As part of their monthly reporting, and to assist with determining which banners and content on the home page capture a user’s interest, a client asked me to track which links on their home page were being clicked.
Link clicks are very easy to track with Google Tag Manager, and it’s also straight forward to create a trigger that allows you to track links on a specific page – the tricky part was figuring out how to do so within a specific <div> or <section>
Most web templates these days are split into 3 sections:
- Header – where the main navigation, logo, search box and useful internal links go
- Main Content – this is the main body of the page and where (you should) find unique content
- Footer – newsletter sign ups, useful internal links, social media links etc
In some cases, it would also be useful to track popular menu items or to see if users interact with your footer, but in this instance the internal links we are interested in are in the main content.
Most website templates tend to use the same elements for various sections of the page, those being:
We are interested in the <main> element, and we will need the css identifier for this – either the class or ID assigned to <main> – you can find this easily via the inspect tool – in the case of my home page, the id is “maincontent” (as it is with many templates, such as out of the box Magento themes).
In GTM, we then create a trigger type “Just Links” which will track “some link clicks”. The event that we need to create is any link click within the element “maincontent”. This bit had me stumped as I assumed it would be “matches CSS selector” and #maincontent, though this didn’t do anything, as it technically would be trying to track any clicks on the maincontent div as opposed to elements within the div.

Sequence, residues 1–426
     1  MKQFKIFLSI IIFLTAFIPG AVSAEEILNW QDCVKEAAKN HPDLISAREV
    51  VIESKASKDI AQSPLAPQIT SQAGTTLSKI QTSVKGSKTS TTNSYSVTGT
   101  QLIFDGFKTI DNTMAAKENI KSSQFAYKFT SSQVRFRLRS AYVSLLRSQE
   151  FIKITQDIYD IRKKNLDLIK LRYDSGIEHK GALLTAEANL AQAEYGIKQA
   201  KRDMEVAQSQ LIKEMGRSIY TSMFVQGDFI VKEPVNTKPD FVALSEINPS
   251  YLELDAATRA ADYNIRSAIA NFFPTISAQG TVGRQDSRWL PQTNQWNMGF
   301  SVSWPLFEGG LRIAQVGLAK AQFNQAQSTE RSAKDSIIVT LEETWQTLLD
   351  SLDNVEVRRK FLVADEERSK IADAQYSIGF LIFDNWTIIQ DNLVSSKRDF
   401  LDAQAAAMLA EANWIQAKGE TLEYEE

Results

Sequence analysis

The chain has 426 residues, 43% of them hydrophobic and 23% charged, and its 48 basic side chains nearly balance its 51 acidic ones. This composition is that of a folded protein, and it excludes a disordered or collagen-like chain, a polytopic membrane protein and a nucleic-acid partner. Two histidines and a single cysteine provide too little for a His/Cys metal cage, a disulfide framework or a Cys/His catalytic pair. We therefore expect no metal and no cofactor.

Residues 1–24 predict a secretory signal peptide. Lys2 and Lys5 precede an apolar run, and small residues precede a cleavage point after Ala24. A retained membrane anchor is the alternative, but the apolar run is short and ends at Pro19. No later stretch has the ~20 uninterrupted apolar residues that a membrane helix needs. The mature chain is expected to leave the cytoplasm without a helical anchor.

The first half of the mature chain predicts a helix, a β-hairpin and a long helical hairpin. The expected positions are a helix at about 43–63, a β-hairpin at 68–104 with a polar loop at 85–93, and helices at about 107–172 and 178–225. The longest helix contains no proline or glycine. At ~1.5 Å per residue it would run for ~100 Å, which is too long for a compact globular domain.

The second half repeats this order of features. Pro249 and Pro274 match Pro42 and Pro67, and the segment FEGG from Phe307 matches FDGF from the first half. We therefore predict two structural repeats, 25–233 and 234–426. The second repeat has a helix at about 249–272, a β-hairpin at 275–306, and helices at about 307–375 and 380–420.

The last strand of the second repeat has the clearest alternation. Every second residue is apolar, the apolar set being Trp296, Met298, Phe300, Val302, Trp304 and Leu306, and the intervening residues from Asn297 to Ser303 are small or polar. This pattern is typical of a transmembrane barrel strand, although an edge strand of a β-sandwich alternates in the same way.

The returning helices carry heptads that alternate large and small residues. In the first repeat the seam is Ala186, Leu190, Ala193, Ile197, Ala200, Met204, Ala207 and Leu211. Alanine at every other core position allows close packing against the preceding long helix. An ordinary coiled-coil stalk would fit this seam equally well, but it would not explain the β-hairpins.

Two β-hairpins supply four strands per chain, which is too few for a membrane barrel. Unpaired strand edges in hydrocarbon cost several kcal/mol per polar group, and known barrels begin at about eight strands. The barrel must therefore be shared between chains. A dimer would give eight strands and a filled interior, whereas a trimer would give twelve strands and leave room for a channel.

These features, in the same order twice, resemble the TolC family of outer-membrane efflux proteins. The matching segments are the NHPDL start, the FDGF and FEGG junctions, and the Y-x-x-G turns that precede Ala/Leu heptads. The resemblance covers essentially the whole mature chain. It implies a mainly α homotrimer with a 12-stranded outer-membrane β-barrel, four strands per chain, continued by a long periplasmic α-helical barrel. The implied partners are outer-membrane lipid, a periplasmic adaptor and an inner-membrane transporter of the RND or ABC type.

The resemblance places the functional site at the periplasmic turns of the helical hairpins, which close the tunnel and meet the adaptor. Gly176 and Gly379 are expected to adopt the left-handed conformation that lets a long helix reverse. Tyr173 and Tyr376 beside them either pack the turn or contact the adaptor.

After much experimenting, I gave up and decided to tweet GTM expert Simon Ahava who was more than happy to point me in the right direction:
As he explains in his Wilcard CSS Selectors article:
The wildcard selector literally means any descendant of the preceding selector. So given a selector like div#nav * would match any elements that are nested with a <div id=”nav”> element, but not the <div> element itself.
So in my case, the “matches CSS selector” command is:
#maincontent, #maincontent *
Further to this, to ensure this only fires on the home page add the condition “Page Path” “equals” /
Once the trigger has been created, you can then create an event which will track the URL of the internal link that has been clicked as follows:
You can then see, via real time tracking or event tracking, which home page links are receiving clicks – in my case, it will be interesting to see which sections of the home page are of interest to visitors, and if they scroll down and click through to my key services:
In Google Analytics real time event tracking we see:
Fair to say, this is very useful data to have – if this is the sort of data you need in your analytics and reporting and need any help getting it set up, feel free to get in touch.